Frankie Feliciano is set to release his first DJ mix compilation on his own label, Ricanstruction. It's a step that could push the label's profile beyond DJ crates and into regular listeners' stereos.
He's done DJ mixes before, but this time he's using lots of material from Ricanstruction's back catalog along with upcoming releases, plus a few tracks licensed from some of the biggest names in deep house.
Feliciano does have a dance music business pedigree, having cut his teeth doing promo work for Strictly Rhythm just before it blew up, and then Nervous Records after that.
"I learned a lot through those experiences, but I've also had to unlearn things," he says from his NYC home. "Things have changed a lot since then, the business and the market are different now. We live in an iPod world, and we have to adapt. If I sell 3000 MP3s the profit margin is actually higher than the same amount of vinyl."
Feliciano originally came into dance music through the hiphop explosion of the early 80s, learning to cut and scratch at the tender age of 14 while the early sounds of house were developing in clubs he was way too young to attend.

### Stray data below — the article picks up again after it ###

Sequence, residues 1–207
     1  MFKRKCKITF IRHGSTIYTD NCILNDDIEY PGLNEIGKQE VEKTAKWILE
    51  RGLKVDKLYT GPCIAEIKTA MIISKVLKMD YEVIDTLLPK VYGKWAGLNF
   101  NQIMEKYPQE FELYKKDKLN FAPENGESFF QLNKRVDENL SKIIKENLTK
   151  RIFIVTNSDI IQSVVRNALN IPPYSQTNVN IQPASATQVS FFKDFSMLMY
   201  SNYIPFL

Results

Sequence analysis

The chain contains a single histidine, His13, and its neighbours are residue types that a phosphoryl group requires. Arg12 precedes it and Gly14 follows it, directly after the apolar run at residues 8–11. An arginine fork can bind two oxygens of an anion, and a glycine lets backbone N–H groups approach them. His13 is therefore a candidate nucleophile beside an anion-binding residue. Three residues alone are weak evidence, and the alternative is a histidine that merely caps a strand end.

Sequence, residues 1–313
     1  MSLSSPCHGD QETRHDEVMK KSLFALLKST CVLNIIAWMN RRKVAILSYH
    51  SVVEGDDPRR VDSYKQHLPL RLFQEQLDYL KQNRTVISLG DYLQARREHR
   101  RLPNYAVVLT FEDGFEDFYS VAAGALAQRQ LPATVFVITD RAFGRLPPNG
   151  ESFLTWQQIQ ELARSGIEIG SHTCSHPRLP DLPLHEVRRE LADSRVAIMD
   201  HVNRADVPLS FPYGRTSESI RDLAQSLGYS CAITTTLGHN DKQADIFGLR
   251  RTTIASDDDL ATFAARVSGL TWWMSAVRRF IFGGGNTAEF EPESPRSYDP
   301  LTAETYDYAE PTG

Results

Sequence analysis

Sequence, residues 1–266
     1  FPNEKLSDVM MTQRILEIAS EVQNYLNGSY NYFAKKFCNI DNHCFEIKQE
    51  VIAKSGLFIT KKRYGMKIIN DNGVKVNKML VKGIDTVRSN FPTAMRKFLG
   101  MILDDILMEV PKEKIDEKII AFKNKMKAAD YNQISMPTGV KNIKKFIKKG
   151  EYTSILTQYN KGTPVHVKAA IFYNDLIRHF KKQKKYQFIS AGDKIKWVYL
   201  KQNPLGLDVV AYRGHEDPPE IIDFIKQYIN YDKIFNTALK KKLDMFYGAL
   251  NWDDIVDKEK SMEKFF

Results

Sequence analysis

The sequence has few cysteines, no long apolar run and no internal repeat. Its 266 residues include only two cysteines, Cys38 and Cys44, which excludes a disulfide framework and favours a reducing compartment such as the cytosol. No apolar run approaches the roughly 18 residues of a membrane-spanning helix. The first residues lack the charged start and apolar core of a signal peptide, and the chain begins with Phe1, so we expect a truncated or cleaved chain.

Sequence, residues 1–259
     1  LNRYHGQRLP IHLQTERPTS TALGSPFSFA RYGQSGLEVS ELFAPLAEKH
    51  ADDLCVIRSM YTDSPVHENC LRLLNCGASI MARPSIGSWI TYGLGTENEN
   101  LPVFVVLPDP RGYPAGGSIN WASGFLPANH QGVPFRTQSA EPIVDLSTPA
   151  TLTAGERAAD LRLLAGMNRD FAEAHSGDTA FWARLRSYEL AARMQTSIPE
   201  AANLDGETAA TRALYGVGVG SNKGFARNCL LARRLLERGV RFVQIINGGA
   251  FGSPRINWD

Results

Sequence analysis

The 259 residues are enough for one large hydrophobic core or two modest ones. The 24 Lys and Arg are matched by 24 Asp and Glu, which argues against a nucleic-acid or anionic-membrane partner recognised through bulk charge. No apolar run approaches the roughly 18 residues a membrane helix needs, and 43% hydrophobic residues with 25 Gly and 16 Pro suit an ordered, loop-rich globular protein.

Eventually, curiosity about this emerging sound got the best of him and he finally went out to hear it in its natural environment. By chance, the DJ that night happened to be Louie Vega - who would later form the hugely influential Masters At Work with Kenny Dope Gonzalez - and Feliciano finally understood what his older cousins had been talking about.
Over the last 15 years he's become known as a top purveyor of NYC soulful house, releasing quality tracks on his Ricanstruction label and DJing worldwide. While he may have left behind the hiphop and freestyle he started out with, he's still kept at least some aspects of that style of playing.
"The technical side of mixing is very important - that's how I started," he admits. "Programming the set is something you have to feel out on the spot with the crowd - you can't plan it all out beforehand. I've learned over the past few years not to be so rigid - I'll even take requests sometimes, because most of my gigs now are for people who know what I'm about. Since I play CDs and can take a lot of songs with me, I'll quite often have what they're asking for."